Tarzan’s Treehouse was right around the corner, so we headed over and went up and down the steps a few times. After, we decided to try the Mickey beignets I see pictures of everywhere. But we had to have the ones at Cafe Orleans that come with dipping sauce; A Raspberry Coulis and a Vanilla Bean Créme Anglaise. The beignets themselves were good; fluffy and light. The dipping sauces were what made them awesome. If you’re thinking about having beignets at Disney without the dipping sauces, don’t waste your time my friend. 

Once we convinced ourselves that we really shouldn’t order another, we headed to Toon Town to meet Mickey. Little’s face looked like his mind couldn’t process the amazingness around him fast enough. ‘Mommy, look,’ he said ten times in a row as he pointed everywhere. 

Mickey’s house was a huge hit. We enjoyed watching our favorite mouse’s laundry swishing away in the washing machine. At the end, Mickey was waiting for us to take pictures. Little couldn’t handle it. He couldn’t talk or move, just eyes fixated on his hero. As we were leaving, he flashed a huge smile, and yelled, ‘bye Mickey!’ The shock had dissipated. 

We ended the day with Small World, also a hit, and grabbed some ice cream on the way out. By this time, Little had passed out. 

All in all, I’d say a huge success. So glad we decided not to jam pack our day, two rides was more than enough, and I’m sure we’ll be back soon. 

If you’re thinking about going to Disneyland with your toddler, do it, it’s crazy how you can feel the magic through their eyes. It’s so worth it.

Baby steps, and pixie dust,


He’s Not Me! -Noa’s Freestyle Fridays

When my partner and I were set up on a blind date (as blind as it gets with social media images and online profiles all over the net) and I opened the door I knew my search was over. We both knew this is it. His family being more conservative didn’t understand why we moved in 6 months after we met or why we were already talking about having kids, but if you know me you know that I don’t care what other people think and as long as we were on the same page that’s all that really mattered to us.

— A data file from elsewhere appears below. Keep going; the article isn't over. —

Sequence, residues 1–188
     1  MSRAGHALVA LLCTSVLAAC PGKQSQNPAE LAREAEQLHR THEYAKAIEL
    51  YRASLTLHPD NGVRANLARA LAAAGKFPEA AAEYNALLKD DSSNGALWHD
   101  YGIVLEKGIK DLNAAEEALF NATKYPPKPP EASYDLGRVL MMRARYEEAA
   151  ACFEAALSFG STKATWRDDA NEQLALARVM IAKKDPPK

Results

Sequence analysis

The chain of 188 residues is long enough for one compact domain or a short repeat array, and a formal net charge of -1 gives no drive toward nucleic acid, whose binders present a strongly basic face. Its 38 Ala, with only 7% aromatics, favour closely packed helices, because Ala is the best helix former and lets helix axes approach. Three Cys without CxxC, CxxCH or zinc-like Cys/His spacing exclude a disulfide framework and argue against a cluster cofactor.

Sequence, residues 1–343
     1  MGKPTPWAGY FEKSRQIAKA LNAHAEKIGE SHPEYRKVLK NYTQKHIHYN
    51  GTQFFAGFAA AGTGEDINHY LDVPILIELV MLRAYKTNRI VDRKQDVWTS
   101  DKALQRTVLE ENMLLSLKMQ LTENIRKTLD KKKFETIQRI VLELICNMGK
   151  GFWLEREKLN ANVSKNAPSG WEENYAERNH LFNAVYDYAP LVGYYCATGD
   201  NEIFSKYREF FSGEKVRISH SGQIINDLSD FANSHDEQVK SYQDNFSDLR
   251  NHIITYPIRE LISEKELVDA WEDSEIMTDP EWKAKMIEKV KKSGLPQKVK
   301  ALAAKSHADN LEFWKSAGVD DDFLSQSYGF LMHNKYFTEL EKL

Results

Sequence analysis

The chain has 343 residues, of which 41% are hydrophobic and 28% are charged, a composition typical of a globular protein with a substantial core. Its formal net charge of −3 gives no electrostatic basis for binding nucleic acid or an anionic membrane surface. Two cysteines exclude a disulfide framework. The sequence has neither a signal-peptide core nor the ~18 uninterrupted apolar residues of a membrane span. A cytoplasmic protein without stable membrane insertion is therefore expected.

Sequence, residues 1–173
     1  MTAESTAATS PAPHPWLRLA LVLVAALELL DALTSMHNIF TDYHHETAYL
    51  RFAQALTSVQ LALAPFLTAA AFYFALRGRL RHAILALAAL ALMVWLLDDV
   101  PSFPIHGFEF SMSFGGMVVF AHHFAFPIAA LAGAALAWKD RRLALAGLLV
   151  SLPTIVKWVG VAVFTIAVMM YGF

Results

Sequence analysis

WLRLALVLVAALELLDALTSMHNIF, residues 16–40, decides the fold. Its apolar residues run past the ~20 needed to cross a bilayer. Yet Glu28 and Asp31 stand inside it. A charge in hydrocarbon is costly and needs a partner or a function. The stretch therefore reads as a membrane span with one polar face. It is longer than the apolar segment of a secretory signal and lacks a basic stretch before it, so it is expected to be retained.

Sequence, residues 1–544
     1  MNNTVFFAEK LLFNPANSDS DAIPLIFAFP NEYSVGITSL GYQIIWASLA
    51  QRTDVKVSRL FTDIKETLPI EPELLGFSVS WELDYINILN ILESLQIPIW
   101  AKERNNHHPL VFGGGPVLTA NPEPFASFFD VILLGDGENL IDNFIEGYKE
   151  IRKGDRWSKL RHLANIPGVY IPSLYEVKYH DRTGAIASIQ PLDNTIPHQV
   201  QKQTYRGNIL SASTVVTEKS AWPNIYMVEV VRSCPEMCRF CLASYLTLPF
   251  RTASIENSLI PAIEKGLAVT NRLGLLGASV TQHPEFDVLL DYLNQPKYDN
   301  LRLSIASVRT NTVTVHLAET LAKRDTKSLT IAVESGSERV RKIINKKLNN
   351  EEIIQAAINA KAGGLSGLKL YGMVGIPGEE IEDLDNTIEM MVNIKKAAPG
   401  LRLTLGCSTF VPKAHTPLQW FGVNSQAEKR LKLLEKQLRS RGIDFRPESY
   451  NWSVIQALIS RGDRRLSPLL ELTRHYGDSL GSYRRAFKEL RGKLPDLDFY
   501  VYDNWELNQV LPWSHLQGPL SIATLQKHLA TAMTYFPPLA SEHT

Even though we come from complete different backgrounds, different parts of the world, different language, different religion and different upbringing all together, our souls recognized each other, as if from lifetimes ago and connected on the deepest level.

Even now, years after that bind date, my love and respect for him and our little family has deepened tremendously and what seemed like differences have become blessings in our lives. Why do I mention all this? I’m not a nostalgic person. I mention it because when you are 9 months pregnant, your patience is out the door and with hormones going crazy you (and by you, yes, I mean me) need that reminder of who is with you on this crazy ride.

Yes, I catch myself getting upset about sox and underwear on the floor, or things that are not done exactly when I want them to be done or this and that, but I’m sooooo thankful for him being my anchor and I’m his fire, for him being so gentle and I’m aggressive, for him being patient and I’m… well not at all! for him being the sensitive Gemini that he is and I’m the Leo ‘I’ll punch your face if you mess with my family’, type of woman.

I’m blessed to have him as my equal partner, amazing father and my one and only soulmate in this parenthood and motherhood’s rollercoaster journey.

Thank you, my love!

Shabbat Shalom,